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Fiberlink president talks IBM MobileFirst plans, EMM consolidation

Fiberlink President Chris Clark speaks out on his company being acquired, IBM's MobileFirst plans, customer reaction, and the EMM consolidation trend.

IBM is one of many legacy IT vendors buying their way into the burgeoning mobile space through acquisitions of promising venture-backed startup companies -- a trend that will continue throughout the year.

Fiberlink Communications is the latest software vendor purchased by tech behemoth IBM to bolster its MobileFirst platform. Its Software as a Service (SaaS)-based MaaS360 enterprise mobility management (EMM) product is seen by industry watchers as the last piece for IBM to add end-to-end mobile management to its platform.

Fiberlink's President and Chief Operating Officer Chris Clark recently spoke to SearchConsumerization about how his company was bought by IBM in November, how it fits with IBM's other MobileFirst products, and the continuing trend of acquisitions of EMM and mobile device management (MDM) companies.

What led to the acquisition of your company by IBM?

Chris Clark, Fiberlink President and COOChris Clark: We understood the technology of IBM very well and they in turn watched us create and extend their server platform into the cloud. Then, about three years ago, we got into the mobile device game. We were able to snap in the iOS, Android, BlackBerry and Symbian operating systems into that same platform that was built with a piece from the IBM IT world. Now we have a full-breadth, form-factor OS to become the single point of security and the single point of policy for any device. We kept building that.

Candidly, what we were not good at was global marketing and global sales. We did not have the scale and we did not spend the money. We could, but we chose not to go that route to just try to buy market share.

Over the course of the last couple of years, we continued to get close to IBM in terms of packaging some of their stuff for the laptop side, but also uniquely developing the whole mobile side of the house. It was becoming more and more obvious to us that the market in mobile management still has not found vendor loyalty…

There are very few companies to us that could solve our problem, and IBM reciprocally wants to do more and more in SaaS, in cloud, and [in] inbound marketing and selling…

The market in mobile management still has not found vendor loyalty.

[If] we snap in those assets that IBM has -- and only IBM has -- for secure transactions, for secure login, for an app development platform and framework that we will have in market in one [quarter], [and] I think we'll start to earn vendor loyalty.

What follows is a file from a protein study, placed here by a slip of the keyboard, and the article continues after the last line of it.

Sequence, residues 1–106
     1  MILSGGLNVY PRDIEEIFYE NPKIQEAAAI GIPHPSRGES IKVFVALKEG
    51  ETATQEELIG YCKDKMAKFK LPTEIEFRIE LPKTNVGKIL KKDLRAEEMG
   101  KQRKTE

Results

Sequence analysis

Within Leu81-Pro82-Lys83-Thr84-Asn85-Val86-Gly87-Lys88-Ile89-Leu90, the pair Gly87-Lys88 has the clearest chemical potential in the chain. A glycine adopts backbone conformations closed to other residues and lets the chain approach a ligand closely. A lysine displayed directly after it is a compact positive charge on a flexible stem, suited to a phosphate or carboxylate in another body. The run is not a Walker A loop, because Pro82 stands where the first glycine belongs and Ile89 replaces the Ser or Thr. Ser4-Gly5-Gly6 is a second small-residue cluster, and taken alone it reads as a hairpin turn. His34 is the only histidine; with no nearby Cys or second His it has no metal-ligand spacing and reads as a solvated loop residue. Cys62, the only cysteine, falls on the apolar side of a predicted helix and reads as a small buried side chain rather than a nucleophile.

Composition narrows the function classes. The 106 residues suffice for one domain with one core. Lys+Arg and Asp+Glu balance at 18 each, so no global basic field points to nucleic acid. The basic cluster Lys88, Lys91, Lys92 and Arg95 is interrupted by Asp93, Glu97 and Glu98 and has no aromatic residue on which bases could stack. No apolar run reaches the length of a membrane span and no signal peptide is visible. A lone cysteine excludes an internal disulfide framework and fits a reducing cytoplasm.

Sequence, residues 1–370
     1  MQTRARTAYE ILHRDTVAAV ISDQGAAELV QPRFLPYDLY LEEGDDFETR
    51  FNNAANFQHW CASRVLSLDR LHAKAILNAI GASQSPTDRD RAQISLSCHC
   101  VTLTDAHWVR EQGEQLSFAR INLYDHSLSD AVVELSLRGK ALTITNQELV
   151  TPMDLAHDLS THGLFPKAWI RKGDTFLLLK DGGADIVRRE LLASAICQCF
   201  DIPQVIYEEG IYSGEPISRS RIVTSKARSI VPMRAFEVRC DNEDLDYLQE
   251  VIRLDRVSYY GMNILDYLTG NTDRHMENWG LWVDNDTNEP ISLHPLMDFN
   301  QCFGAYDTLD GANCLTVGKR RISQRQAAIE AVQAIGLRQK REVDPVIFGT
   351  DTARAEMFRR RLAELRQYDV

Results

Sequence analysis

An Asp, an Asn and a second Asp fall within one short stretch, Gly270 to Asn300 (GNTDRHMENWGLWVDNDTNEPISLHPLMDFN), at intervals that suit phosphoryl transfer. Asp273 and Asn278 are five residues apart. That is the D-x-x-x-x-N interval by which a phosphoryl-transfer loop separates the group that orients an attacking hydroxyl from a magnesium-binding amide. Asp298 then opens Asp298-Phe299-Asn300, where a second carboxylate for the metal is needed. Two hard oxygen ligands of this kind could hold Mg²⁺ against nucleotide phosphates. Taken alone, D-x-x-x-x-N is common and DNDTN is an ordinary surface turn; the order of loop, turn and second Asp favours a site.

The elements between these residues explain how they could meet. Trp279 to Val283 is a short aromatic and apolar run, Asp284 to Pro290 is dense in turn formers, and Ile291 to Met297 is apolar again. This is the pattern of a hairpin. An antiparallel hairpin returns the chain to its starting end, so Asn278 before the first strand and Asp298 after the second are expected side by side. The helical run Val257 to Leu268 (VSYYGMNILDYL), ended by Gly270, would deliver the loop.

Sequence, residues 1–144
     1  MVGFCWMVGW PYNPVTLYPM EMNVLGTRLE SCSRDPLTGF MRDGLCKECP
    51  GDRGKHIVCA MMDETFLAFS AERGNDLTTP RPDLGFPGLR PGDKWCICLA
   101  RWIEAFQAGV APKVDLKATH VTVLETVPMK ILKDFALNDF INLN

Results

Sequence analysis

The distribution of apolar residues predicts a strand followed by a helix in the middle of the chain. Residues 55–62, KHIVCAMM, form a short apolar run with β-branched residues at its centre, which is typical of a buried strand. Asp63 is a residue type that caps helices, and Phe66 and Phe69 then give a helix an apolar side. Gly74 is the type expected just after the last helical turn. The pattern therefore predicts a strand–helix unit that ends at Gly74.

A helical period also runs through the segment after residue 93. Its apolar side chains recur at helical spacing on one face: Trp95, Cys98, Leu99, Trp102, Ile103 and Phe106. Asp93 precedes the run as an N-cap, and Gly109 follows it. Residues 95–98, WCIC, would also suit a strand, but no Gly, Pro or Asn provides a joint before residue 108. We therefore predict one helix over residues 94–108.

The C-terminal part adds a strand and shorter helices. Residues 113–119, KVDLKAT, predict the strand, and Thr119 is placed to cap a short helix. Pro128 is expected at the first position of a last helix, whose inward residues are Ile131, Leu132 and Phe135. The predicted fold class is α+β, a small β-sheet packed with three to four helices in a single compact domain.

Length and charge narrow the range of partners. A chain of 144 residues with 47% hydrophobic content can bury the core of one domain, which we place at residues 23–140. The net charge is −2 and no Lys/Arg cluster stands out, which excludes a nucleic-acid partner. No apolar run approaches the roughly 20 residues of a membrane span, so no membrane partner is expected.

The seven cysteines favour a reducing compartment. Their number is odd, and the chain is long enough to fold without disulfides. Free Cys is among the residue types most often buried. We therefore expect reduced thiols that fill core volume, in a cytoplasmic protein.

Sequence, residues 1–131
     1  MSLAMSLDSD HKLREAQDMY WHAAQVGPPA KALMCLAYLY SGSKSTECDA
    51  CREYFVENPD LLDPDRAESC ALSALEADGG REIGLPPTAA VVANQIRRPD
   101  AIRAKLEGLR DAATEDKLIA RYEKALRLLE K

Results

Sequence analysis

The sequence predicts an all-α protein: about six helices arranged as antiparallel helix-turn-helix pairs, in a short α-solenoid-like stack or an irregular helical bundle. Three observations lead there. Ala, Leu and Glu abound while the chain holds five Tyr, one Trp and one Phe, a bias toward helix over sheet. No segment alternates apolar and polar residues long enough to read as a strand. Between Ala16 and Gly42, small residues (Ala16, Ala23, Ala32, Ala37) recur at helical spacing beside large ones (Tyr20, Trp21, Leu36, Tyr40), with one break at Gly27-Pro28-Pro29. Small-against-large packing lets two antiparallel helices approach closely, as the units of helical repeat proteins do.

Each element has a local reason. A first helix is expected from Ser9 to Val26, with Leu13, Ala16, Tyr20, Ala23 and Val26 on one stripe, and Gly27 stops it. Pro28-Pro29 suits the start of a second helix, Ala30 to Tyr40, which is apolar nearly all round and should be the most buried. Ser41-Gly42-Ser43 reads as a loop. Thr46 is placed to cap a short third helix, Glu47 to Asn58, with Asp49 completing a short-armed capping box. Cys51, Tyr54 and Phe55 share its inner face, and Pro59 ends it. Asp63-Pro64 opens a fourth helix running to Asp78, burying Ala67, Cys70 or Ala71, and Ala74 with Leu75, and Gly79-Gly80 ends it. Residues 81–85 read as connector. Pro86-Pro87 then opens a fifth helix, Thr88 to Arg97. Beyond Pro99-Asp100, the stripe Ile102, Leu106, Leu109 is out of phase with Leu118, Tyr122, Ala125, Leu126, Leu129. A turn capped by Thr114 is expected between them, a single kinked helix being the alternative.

What has been your customers' reaction to the acquisition?

Clark: Our customers did see us as a best-in-class product platform, but they also have been trying to evaluate us, and frankly, every competitor we compete with. 'Can you go the distance with me? Can you evolve in infrastructure and service and can I outsource more to you with regards to the whole enterprise mobile management space? Can you do lifecycle things for me, not with just apps and docs and device, but maybe the whole procurement process?'

There's an entire managed service requirement in this that some companies want in the Fortune 500. So when we sold to IBM, most said, 'That makes sense, it's a natural fit. Make sure they don't slow you down. We want you to elevate and do code like you do every day.'…

Now they know we're here to stay. We're just not a VC-backed company that's trying to get the first takeout or the first IPO [initial public offering].

How does Fiberlink fit in the bigger MobileFirst platform IBM is trying to create?

Clark: IBM has a lot of good assets, but what they didn't have was the entire security management wrapper for the user and the devices. BigFix had a good on-[premises] solution, but as everyone's migrating to the cloud, we're the enrollment, the configuration, the security policy and enforcement piece of the device, and the user identity to that device, while also integrating other things…

For Trusteer, you can now have a secure transaction, for example, not just the device, not just the person, but the transaction itself. That's the procurement process. What will happen is we'll have an [application program interface] and [software developer's kit] integration with that IT capability, and we'll be able to enforce through policy and report on the Trusteer capability of whatever that asset is that they did their thing on.

I think Worklight is an even simpler one. They have an app development framework [and] lots of people want to make sure they're secure; they may want to push their apps through our install base or IBM's.

You've been involved in one of the many recent acquisitions in the EMM/MDM space. Do you see this trend continuing?

Clark: I hear that a lot concerning consolidation, but it takes two to tango. So if the MDM company does not want to be acquired at all, and they want to be the first public offering, then they're not going to be acquired, no matter how logical it is or not. If they believe they're worth X and they want to try and drive more value that way, they don't need to be acquired…

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